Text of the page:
Kidney disease is a life-threatening medical disorder that causes a build-up of wastes and fluids in your blood. The absence of symptoms makes diagnosing the condition in its early stages difficult. Devaraj Munikrishnappa, M.D. recommends regular medical exams, which allow you to detect such disorders early, increasing treatment success rates.
An overview of chronic kidney disease
Kidney disease is a medical term referring to the damage and malfunctioning of the kidneys. Your kidneys are responsible for filtering excess fluids and waste from your blood, which are eliminated via the urine. Kidney disease means that your kidneys are unable to filter your blood. In most cases, treatment is enough to salvage your kidney function, but you may need a kidney transplant in severe cases.
If you experience the symptoms for three months or more, you have chronic kidney disease. Early chronic kidney disease causes mild symptoms that you may ignore, only to realize later that you have the disorder when it is advanced. Treatment focuses on controlling the root cause and preventing further kidney damage. If left untreated, chronic kidney disease can result in kidney failure, which is life-threatening without dialysis.
The most prevalent symptoms of chronic kidney disease
Kidney disease is a slowly progressive disorder, and the symptoms may not manifest during its early stages. As the fluids and wastes accumulate in your blood, you may start experiencing uncomfortable symptoms, depending on the extent of kidney damage.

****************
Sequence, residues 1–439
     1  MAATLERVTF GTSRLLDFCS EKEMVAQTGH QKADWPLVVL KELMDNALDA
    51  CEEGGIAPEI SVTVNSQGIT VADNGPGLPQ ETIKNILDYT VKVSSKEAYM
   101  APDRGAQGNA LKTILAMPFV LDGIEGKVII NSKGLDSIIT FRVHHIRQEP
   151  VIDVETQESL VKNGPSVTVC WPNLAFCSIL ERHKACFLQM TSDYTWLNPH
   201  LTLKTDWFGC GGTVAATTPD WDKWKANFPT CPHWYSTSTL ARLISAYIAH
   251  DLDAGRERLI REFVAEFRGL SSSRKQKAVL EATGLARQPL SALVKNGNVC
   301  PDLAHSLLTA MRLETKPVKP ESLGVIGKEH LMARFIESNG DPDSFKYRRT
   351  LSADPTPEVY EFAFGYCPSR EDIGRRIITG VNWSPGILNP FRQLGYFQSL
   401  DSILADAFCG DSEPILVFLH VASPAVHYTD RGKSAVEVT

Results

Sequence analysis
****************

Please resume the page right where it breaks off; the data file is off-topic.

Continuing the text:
The signature symptoms of chronic kidney disease include chest pain, shortness of breath, unexplained fatigue or weakness, loss of appetite, nausea, and vomiting. Some of these signs are nonspecific and may also indicate other medical conditions. Early detection prevents further kidney damage and progression to kidney failure. If you suspect your medical condition elevates your chances of developing kidney disease, your physician may monitor your kidney function and blood pressure during your routine visits.
Possible complications of chronic kidney disease
Chronic kidney disease does not only affect your kidneys; it can also cause complications in other body organs. These complications include anemia, heart disease, pregnancy complications, pulmonary edema, and increased vulnerability to infection.
Available treatments for kidney disease
Houston Kidney Specialists Center utilizes state-of-art technology to diagnose and treat kidney disease. The diagnostic tests include kidney biopsies and urinalysis. After determining the severity of the damage to your kidney, the team creates a treatment plan to prevent progression.
Your treatment plan may involve medications to prevent complications and alleviate your symptoms. Your doctor may prescribe anti-inflammatory and blood pressure medications to improve your general health. The Houston Kidney Specialists Center team may recommend reducing protein amounts in your meals to minimize the amount of waste material in your bloodstream. If you have severe kidney disease, they may recommend dialysis.
The facility offers hemodialysis, which filters your blood in place of your kidneys. A kidney transplant restores normal body functioning. After the transplant, you may need to take specific medications for life to prevent your body from rejecting the kidney.
Call the Houston Kidney Specialists Center office for excellent kidney disease treatment and management, or book an appointment online.